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Notes on the Merger Strategy of High versus Low-tech Industries: Complementarities and Moral Hazard

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  • Neslihan Aydogan

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    (School of Public Policy and Environmental Affairs, Indiana University, Bloomington)

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    Abstract

    In this essay I assess the role that is played by the two characteristics of high-tech firms in shaping their corporate strategies: short product cycles and the involvement of intangible assets in production. Short product cycles impose high-tech firms to seek complementary assets for entering new markets quickly and compete. The involvement of intangible capital in high-tech production, on the other hand, is related to the distinguishing characteristic of high-tech industries for which R&D activities are observed frequently and firms employ a large proportion of scientists, engineers and technicians. In this essay, I hypothesize and show that as a result of these two characteristics high-technology firms are likely to engage in vertical mergers more often than low-technology firms and vertical mergers are likely to involve firms that employ intangible assets in production.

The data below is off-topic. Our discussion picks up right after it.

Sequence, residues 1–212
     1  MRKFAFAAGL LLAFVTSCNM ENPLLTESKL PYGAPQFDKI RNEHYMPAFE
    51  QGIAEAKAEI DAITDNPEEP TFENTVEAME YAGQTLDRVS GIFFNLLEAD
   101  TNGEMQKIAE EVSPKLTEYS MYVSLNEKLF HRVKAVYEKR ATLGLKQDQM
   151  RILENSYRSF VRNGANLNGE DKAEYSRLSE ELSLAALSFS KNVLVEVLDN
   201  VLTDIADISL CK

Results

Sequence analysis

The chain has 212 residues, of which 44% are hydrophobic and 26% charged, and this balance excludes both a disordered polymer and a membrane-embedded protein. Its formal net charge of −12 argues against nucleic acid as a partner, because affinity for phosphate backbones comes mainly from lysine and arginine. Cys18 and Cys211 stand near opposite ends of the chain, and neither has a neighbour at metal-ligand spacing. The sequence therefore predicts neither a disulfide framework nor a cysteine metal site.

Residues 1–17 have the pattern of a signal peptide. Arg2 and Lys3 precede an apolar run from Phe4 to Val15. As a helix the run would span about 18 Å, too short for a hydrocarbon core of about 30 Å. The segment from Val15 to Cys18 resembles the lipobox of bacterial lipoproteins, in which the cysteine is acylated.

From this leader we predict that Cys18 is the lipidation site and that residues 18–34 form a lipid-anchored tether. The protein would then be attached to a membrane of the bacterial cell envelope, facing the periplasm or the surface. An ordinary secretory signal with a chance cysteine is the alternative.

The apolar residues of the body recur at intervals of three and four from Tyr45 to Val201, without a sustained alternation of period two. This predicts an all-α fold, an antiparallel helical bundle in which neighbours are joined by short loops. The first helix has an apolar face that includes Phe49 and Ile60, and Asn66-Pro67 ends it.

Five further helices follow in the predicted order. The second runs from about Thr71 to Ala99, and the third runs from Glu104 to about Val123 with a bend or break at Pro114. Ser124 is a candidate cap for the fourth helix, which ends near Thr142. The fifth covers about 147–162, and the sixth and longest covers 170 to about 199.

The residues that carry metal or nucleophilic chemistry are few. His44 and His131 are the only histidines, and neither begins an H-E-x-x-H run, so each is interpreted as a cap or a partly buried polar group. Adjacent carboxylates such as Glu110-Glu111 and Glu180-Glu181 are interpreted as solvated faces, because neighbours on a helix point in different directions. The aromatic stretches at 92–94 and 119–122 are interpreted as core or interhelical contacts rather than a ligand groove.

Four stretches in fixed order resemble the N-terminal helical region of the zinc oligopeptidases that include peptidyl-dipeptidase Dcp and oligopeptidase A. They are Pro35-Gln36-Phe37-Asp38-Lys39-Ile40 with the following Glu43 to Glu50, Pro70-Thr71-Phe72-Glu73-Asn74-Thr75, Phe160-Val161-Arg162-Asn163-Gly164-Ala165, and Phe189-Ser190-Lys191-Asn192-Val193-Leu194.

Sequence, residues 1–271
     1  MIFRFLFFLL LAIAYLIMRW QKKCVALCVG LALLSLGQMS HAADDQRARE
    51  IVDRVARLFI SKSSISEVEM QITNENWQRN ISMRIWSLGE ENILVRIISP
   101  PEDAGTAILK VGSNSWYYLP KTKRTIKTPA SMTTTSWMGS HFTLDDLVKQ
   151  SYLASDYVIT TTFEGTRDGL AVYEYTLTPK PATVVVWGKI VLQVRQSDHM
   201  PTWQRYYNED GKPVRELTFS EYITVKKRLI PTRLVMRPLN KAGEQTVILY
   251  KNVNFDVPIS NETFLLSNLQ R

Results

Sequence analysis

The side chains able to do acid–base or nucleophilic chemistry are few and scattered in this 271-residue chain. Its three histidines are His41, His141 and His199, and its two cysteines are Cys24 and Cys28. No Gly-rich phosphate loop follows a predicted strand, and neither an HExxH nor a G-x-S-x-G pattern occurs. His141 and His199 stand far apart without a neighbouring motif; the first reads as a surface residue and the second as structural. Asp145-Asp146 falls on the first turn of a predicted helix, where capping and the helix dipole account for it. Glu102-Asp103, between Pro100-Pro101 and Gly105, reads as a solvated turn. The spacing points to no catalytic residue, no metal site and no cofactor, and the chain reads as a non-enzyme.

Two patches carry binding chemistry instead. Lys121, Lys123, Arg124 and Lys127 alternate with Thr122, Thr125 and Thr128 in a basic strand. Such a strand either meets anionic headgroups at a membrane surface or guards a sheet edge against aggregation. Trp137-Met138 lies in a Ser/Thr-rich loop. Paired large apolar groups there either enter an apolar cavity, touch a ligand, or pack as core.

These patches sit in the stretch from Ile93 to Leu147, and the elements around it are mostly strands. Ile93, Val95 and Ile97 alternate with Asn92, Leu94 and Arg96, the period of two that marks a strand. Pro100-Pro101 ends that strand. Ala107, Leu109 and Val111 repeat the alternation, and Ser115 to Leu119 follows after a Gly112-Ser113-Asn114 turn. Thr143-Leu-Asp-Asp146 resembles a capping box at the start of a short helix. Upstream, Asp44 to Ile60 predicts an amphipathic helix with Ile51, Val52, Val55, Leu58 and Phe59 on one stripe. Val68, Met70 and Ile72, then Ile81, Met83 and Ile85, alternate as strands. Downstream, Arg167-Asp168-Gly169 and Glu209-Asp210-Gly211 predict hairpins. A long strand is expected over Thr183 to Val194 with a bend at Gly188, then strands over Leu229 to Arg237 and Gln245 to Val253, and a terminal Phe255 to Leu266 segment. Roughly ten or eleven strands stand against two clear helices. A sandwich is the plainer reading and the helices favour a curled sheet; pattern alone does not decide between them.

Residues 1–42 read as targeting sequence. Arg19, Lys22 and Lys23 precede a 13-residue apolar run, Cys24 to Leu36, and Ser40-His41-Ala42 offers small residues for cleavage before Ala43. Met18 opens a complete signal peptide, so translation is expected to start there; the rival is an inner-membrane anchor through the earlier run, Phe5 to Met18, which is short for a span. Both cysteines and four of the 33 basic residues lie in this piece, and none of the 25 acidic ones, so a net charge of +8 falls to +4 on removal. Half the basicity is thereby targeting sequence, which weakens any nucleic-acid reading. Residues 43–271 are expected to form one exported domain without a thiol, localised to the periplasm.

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    File URL: http://www.accessecon.com/pubs/EB/2002/Volume12/EB-02L10005A.pdf
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    Bibliographic Info

    Article provided by AccessEcon in its journal Economics Bulletin.

    Volume (Year): 12 (2002)
    Issue (Month): 7 ()
    Pages: 1-12

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    Handle: RePEc:ebl:ecbull:eb-02l10005

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    Keywords: complementarities;

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    1. Jean Tirole, 1988. "The Theory of Industrial Organization," MIT Press Books, The MIT Press, edition 1, volume 1, number 0262200716, December.
    2. Arora, Ashish, 1996. "Contracting for tacit knowledge: the provision of technical services in technology licensing contracts," Journal of Development Economics, Elsevier, vol. 50(2), pages 233-256, August.
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